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Updated 07/09/2015

 


The Coolins

A far croonin' is pullin' me away
As take I wi' my cromack to the road.
The far Coolins are puttin' love on me
As step I wi' the sunlight for my load.

The  Coolins (Cuillin) Scottish Gaelic: An Cuilthionn or An Cuiltheann, is a range of rocky mountains located on the Isle of Skye in Scotland. The true Cuillin is also known as the Black Cuillin to distinguish it from the Red Cuilin (na Beanntan Dearga, known locally as Red Hills) across Glen Sligachan. The Red Cuilin hills are lower and, being less rocky, have fewer scrambles or climbs.

The Battle of Coire Na Creiche was fought on the slopes below Bruach na Frýthe in 1601. It was the last Scottish clan battle fought on Skye, in which the Clan MacDonald of Sleat defeated the Clan MacLeod after a bitter feud.

The Macleod and MacDonald Clans had been long at feud. Rory M˛r MacLeod (Ruaraidh MacLe˛id) attempted to make peace, offering the hand of his sister, Margaret Macleod, in marriage to Donald Gorm M˛r MacDonald (D˛mhnall Gorm M˛r MacDh˛mhnall). The marriage itself was subject to a contract called a handfast. In a handfast arrangement, a man and woman lived together as man and wife for up to a year and a day. If, during this period, the woman bore a male child to be heir, then marriage would result. If not, then both parties returned to their respective families.

After a year and a day, Margaret MacLeod had not borne a child, male or female. Furthermore, at some point during this year, she had lost the sight in one eye. Donald MacDonald, having no further use for Margaret MacLeod, decided to send her back to her brother. He tied her, facing backwards, onto a one-eyed horse, led by a one-eyed servant and followed by a one-eyed mongrel dog, and sent all four back to Dunvegan Castle. Rory MacLeod, incensed by the insult to his sister, and ultimately to himself and his clan, once again declared war on the clan MacDonald. He devastated the Trotternish peninsula in the north of Skye, which prompted MacDonald to attack MacLeod land in Harris. These battles became known as the Wars of the One-Eyed Woman.

MacLeod responded with a raid on North Uist, sending 40 men under his cousin Donald Glas MacLeod to seize goods that the locals had put for safety in the Trinity Temple at Carinish. As the raiders ate breakfast in the church, they were surprised by twelve MacDonalds led by Donald MacIain 'ic Sheumais (Donald, son of John, son of James) of Clan Ranald, who led the MacLeods into an ambush. Only two MacLeods survived the Battle of Carinish; Donald MacLeod was among the dead.

On his way back to Skye to report his victory, a storm forced Donald MacIain 'ic Sheumais to seek shelter at Rodel in Harris. He was entertained there by Rory MacLeod, even after Rory learned the identity of his guests. However the MacDonalds wisely left secretly during the night; before dawn, MacLeod clansmen set fire to their quarters without the knowledge of their chief.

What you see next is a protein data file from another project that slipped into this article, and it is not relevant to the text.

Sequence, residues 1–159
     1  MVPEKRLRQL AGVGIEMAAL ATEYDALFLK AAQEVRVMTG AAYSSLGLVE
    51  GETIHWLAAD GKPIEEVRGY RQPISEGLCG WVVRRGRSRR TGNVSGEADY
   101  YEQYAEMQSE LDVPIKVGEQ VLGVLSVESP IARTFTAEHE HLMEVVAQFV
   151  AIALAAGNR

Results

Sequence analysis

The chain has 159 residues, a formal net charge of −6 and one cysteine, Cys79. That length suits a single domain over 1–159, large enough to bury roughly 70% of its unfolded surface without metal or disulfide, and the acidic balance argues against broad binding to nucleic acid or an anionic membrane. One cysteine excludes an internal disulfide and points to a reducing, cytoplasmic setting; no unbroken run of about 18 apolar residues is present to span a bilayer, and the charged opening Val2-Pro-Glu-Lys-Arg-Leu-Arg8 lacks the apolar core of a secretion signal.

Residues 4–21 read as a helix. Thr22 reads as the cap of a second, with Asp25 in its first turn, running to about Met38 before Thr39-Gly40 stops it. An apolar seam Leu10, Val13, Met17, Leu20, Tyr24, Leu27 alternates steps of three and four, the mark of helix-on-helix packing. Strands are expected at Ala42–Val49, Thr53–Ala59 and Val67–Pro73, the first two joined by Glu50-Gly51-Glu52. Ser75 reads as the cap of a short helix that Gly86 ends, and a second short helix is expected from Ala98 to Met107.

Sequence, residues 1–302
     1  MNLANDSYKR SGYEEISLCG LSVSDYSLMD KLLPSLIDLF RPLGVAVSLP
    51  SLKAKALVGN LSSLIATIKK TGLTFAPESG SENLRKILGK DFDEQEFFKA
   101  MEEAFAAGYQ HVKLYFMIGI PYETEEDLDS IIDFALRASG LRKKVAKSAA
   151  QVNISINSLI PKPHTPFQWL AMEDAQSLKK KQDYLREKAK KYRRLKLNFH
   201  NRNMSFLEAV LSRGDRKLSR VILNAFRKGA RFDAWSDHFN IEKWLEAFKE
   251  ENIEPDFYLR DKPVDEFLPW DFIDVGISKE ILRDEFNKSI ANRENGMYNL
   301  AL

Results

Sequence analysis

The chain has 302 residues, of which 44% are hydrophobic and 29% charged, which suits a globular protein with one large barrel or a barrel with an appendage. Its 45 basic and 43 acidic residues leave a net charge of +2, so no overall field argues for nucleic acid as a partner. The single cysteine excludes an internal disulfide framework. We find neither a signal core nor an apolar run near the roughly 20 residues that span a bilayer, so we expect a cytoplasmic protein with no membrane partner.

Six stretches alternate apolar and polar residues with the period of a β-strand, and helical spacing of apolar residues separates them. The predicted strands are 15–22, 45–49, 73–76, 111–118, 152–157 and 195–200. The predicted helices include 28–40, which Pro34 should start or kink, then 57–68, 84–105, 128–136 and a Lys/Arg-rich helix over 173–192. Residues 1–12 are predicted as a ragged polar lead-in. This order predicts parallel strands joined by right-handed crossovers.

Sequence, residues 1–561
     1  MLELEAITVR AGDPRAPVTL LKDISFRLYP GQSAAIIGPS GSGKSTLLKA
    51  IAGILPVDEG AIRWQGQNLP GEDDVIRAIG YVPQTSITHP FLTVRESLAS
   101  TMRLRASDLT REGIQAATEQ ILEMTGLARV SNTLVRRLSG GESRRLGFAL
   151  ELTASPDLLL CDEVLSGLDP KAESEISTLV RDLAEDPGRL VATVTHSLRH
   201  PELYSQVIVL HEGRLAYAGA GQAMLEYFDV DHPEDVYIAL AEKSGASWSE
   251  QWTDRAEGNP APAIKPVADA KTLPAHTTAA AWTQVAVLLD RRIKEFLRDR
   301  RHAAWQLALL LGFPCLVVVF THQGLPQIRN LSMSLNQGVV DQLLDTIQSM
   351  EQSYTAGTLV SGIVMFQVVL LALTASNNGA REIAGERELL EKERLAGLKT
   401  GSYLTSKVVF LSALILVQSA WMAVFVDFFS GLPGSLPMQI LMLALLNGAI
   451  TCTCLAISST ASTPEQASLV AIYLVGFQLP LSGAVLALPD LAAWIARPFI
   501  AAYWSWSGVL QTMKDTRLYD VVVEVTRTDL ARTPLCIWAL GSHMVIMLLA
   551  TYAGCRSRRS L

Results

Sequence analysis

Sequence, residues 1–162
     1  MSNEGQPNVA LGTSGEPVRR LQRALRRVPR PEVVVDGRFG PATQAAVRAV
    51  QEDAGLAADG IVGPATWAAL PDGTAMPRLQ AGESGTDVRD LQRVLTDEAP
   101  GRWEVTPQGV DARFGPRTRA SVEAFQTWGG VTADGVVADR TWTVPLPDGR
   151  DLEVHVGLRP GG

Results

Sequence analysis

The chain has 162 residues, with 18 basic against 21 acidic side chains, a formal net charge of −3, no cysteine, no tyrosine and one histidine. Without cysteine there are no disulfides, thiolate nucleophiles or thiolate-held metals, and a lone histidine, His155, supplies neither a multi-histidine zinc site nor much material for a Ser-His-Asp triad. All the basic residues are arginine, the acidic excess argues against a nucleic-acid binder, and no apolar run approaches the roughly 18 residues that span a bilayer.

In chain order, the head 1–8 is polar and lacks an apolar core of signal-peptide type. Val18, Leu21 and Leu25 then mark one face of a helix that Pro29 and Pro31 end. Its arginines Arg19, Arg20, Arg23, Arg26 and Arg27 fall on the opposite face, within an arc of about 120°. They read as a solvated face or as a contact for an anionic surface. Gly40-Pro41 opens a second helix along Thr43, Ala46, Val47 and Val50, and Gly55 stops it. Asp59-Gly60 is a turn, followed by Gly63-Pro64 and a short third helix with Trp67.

The feud continued to escalate, causing much suffering among the people. MacDonald decided to end it with a decisive battle. When Rory MacLeod went to seek the assistance of Archibald Campbell, 7th Earl of Argyll, MacDonald took the opportunity to launch an all-out invasion of northern Skye. The cattle seized in this attack were driven south to a traditional refuge for raiders, the Coire na Creiche overlooking Glen Brittle below Bruach na Frýthe.

Here the MacLeod forces led by Rory's brother Alasdair caught up with the MacDonalds. They joined battle late in the day and continued well into the night. The MacLeods were utterly defeated, with the capture of Alasdair MacLeod and 30 of his kinsmen.

The Privy Council now intervened to end the feud. MacDonald was ordered to surrender himself to George Gordon, 1st Marquess of Huntly, and Rory MacLeod was to surrender to the Earl of Argyll. MacDonald agreed to release his prisoners, and the end of the feud was celebrated with three weeks of feasting and festivities at Dunvegan Castle. Aside from a brief flare-up in 1603, that was the end of violence between the two clans.

In 2000 the Cuillin were put on sale for ú10 million by the Laird in a scheme of land in exchange for repairs to Dunvegan castle. Following a dispute over ownership, a deal was cut for the property to be gifted in return for repairs to the clan castle.

 

There is a legend that the Cuillins are haunted by the ghost of an outlaw called MacRaing.